Moms spend a lot of time imagining what their baby will look like, and if they have had indigestion, a lot of people tell them that the baby must have a lot of hair. So they might start looking for signs on the ultrasound image. It's not likely true at the 20-week point, but women who might get a later image might get a glimpse.

The hair can look like tiny fibres waving in the amniotic fluid. Some women might think that they look like grass. Not many parents get to see that in an ultrasound, but it's really interesting if they do get the opportunity. Otherwise, they might have to wait until the birth.

6 A 3-D Look At Features

Technology has come a long way in just a generation. While our parents might not have had the benefit of an ultrasound exam at all, millennial moms and dads have the option of having elective scans that can show 3-D images of the little one.

While some doctors offices allow the occasional 3-D look, many offer an extra image for a surcharge. But the technology is still based on waves passing through the womb. That means that the image might show a sweet nose, but it could also have distortions that make moms worry about their baby's appearance. A 3-D image is fun, but it's not always helpful.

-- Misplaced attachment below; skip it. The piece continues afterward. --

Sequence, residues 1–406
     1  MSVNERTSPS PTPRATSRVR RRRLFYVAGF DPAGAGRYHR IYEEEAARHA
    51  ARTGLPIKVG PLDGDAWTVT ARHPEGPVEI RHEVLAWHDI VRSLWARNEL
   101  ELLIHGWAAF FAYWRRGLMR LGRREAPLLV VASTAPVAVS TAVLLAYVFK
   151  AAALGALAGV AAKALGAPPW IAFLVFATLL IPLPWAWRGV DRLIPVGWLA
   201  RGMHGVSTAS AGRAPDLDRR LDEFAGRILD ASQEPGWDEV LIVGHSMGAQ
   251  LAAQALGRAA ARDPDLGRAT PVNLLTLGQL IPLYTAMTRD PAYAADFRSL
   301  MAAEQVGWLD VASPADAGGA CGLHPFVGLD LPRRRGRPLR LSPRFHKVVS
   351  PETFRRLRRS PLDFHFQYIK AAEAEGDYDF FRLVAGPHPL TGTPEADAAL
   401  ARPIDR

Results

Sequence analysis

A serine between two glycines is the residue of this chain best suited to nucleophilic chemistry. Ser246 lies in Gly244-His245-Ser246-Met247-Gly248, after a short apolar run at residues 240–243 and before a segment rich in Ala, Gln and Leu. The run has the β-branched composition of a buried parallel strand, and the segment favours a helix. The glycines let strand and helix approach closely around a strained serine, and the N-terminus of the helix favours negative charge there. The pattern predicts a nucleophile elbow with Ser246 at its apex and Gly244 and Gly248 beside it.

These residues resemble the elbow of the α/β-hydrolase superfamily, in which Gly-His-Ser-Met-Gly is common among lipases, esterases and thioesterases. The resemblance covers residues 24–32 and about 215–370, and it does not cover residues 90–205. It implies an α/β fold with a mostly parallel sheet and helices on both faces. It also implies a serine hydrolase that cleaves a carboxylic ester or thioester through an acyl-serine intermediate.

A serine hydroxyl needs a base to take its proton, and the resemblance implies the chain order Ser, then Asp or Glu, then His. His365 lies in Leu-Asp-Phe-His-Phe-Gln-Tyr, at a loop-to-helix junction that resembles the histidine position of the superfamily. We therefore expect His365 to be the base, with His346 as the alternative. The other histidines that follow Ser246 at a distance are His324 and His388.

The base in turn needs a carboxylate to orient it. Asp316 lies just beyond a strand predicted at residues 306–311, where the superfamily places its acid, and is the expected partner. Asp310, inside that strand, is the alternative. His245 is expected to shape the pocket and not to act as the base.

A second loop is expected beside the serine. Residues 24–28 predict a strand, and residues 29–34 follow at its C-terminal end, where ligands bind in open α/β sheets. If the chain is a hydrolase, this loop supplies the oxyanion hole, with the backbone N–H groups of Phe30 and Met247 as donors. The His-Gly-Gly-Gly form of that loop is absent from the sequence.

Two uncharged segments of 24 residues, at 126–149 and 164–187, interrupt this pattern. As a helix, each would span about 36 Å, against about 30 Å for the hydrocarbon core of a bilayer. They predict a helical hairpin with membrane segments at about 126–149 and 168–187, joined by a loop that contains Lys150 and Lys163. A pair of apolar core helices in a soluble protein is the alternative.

5 Placement And Placenta

While the baby's organs are getting examined, the technician will also take a look at another important organ — the placenta. It's hard to get a lot of information about the placenta during pregnancy, but if it isn't healthy, that can mean that the baby isn't getting the nutrients he needs.

The ultrasound might not reveal a lot, but it can show where the placenta is located, and if it covers part of the cervix or becomes partially detached, it's a problem. It's definitely worth a few minutes in the examination to make sure that things are OK with this vital organ.

4 Taking A Peek At The Exit

Finally, the doctor could also get a look at the cervix during the 20-week ultrasound. The passage between the uterus and the downstairs area isn't something that moms think about before they have to worry about it dilating, but the doctor pays attention because it could tell him a lot about how the birth might go.

The length of the cervix could have something to do with when the baby arrives. A shortened cervix could mean a possibility of early labor. The doctor might be able to delay that by recommending bed rest, so it's worth paying attention to the cervix during the ultrasound exam.